In a new e-book published this year, Clough called on museums to speed up their work to innovate and digitize collections to make artifacts accessible for a generation born in the Internet age.
A strategic plan in 1927 once called for the Smithsonian to have an office in every state so it could reach more people, though that never came to pass. Now with more digital outreach, the museums could actually realize that dream, Clough said, with the potential to reach billions of people.
"If we look at this issue of reaching people, it's more important than ever before," Clough said, noting that museum visitation among minorities is already low. For museums that received government funding to get their start, he said governments are now saying "what's next?"
"What's next is you have to reach the schools," Clough said. "Your relevance is going to be really based in part on how much you're contributing to the educational process for young people."
While posting data online to easily replicate important artifacts might lead to some attempts to counterfeit objects to sell, Smithsonian officials said the data is provided only for educational and non-commercial use.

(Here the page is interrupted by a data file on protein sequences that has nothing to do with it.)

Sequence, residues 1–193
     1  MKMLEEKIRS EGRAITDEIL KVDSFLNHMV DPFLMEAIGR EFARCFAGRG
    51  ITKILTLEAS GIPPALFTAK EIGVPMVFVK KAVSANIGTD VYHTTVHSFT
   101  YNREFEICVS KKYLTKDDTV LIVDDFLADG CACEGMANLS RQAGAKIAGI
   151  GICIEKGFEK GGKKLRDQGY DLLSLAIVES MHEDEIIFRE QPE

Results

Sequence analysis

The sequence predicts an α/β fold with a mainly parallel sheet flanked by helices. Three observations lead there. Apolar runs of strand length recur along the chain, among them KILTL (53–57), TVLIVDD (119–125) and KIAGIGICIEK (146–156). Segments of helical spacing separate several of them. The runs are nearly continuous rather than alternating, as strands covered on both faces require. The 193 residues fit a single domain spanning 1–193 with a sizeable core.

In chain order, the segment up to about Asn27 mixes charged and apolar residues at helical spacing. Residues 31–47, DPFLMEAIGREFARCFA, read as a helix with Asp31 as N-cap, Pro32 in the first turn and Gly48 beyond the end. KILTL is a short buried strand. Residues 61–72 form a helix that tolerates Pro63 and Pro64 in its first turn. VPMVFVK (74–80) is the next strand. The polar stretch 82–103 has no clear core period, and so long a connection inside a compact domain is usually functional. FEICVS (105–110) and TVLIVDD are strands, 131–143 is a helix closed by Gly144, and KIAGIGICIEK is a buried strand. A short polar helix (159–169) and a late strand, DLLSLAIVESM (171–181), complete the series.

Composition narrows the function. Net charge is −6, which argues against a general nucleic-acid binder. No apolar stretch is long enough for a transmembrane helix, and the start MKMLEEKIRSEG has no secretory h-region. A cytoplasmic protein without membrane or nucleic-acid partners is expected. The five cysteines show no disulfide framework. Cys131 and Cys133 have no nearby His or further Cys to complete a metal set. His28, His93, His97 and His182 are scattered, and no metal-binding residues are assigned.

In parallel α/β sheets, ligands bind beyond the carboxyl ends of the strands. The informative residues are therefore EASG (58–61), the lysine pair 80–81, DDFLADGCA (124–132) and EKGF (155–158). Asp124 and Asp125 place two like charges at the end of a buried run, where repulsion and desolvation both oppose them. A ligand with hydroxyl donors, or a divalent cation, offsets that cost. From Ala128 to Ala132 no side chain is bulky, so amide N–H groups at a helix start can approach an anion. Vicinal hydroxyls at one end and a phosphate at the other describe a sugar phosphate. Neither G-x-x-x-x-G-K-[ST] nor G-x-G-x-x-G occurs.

Other museums have also started digitizing artworks or making 3D scans of sculptures. In New York, digital guru Sree Sreenivasan was hired this year as the first chief digital officer at the Metropolitan Museum of Art.
Smithsonian officials said they are making a unique push into scanning a wide variety of 3D objects, ranging from an ancient whale fossil found in Chile to a 3D image of a supernova in space.
Some of the latest 3D technology also could transform the experience of visiting a museum. The Smithsonian is experimenting with new projections of augmented reality with 3D imagery to help bring dinosaurs or historical figures to life in an exhibit.
"Wouldn't it be great to have Abraham Lincoln walking around talking to people?" Clough said. "It can be done."
Smithsonian 3D Program: http://3d.si.edu/
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